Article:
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J Transl Int Med. 2017 Jun 30;5(2):120-126. doi: 10.1515/jtim-2017-0004. eCollection 2017 Jun.

Effects of a Low FODMAP Diet and Specific Carbohydrate Diet on Symptoms and Nutritional Adequacy of Patients with Irritable Bowel Syndrome: Preliminary Results of a Single-blinded Randomized Trial.

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Unit of Gastroenterology and Digestive Endoscopy, San Pier Damiano Hospital, Faenza, RA, Italy.
Dietetics and Clinical Nutrition Unit, Azienda Ospedaliera Universitaria Senese, Policlinico Santa Maria alle Scotte, Siena, Italy.



IBS is the most common functional disease of the low gastrointestinal tract. Recently, the interest towards a diet approach has increased, for example, a diet with low content of fermentable oligosaccharides, disaccharides, monosaccharides and polyols (FODMAPs). The aim of the present study is to evaluate the efficacy of a low FODMAP diet and a specific carbohydrate diet (SCD) conducted for 3 months on symptoms and to evaluate the deficiencies of vitamin D and folic acid in patients affected by IBS, matching the Rome IV criteria.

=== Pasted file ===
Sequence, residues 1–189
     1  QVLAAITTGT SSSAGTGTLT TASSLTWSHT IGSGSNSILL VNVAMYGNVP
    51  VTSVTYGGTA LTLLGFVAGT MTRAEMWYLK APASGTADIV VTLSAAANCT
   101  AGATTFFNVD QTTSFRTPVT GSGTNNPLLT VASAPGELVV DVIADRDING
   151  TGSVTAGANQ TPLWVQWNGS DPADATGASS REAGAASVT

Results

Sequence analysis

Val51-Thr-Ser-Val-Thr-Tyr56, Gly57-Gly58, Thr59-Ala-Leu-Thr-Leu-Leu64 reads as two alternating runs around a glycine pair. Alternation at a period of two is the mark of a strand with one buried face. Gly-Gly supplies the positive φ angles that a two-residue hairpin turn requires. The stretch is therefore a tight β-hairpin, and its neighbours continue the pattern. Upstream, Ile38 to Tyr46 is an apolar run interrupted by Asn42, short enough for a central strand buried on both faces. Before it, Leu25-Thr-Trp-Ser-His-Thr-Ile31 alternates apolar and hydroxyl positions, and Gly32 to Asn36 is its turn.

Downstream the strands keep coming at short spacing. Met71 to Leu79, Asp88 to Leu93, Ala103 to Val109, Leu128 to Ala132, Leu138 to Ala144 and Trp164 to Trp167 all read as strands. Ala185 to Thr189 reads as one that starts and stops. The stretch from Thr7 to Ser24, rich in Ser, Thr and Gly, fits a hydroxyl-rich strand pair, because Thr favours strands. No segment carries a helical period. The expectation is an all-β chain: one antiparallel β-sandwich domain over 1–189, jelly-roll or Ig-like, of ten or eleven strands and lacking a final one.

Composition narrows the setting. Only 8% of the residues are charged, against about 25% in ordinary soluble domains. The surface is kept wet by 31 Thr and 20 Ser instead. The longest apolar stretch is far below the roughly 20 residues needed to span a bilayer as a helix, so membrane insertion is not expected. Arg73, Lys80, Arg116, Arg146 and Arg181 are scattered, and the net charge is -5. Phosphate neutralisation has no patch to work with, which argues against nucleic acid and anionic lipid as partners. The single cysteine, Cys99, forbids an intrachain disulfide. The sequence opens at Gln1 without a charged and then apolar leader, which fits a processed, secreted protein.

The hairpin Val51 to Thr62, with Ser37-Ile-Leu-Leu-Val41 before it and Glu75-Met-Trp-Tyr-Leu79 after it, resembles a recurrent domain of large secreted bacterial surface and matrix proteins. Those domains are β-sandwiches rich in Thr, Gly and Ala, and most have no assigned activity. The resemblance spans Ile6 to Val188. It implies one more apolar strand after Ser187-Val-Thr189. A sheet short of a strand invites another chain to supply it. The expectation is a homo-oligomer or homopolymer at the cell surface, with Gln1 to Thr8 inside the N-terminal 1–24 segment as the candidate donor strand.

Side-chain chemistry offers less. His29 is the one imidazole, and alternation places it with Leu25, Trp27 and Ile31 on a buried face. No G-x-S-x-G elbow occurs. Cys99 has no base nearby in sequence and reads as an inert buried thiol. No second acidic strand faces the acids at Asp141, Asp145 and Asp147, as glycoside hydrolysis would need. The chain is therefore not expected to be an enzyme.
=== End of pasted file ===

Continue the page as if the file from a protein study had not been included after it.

We evaluated 73 patients divided into 2 groups: one submitted to low FODMAP diet and one to SCD, for 3 months. Patients were assigned to one of the 2 groups randomly and blinded. All the patients filled a visual analogue scale (VAS) to evaluate the severity of symptoms and a diary to evaluate the number of days with symptoms, and this was repeated after 3 months. Final evaluation was made by a blinded investigator.


In the end, the patients with low FODMAP diet had a significant improvement in bloating and distension (P = 0.000); the group with SCD instead had a low but not a significant improvement. One way ANOVA showed comparable severity of symptoms in the 2 groups pre-diet (P = 0.215), but a difference in the same symptoms after 12 days (P = 0.000). Tukey test showed a significant improvement in the low FODMAP diet group and only a trend of improvement in the second group of SCD. The vitamin D mean value in both groups at the time of enrollment was 38 ng/mL; in the end, the mean value in the low FODMAP diet group was 32 ng/mL and in the SCD group was 22 ng/mL, with a statistically significant difference. The folic acid mean value at the time of enrollment was 18 mg/dL; in the end, the mean value in the low FODMAP diet group was 15 mg/dL and in the SCD group was 8 mg/dL, with a statistically significant difference.


Patients affected by IBS seem to have benefitted from a low FODMAP diet but not from an SCD, and a low FODMAP diet doesn't seem to cause vitamin D and folic acid deficiencies.


FODMAP; bloating; diet; irritable bowel syndrome; specific carbohydrate diet

Conflict of interest statement

Conflict of Interests None of the authors has any competing interests.

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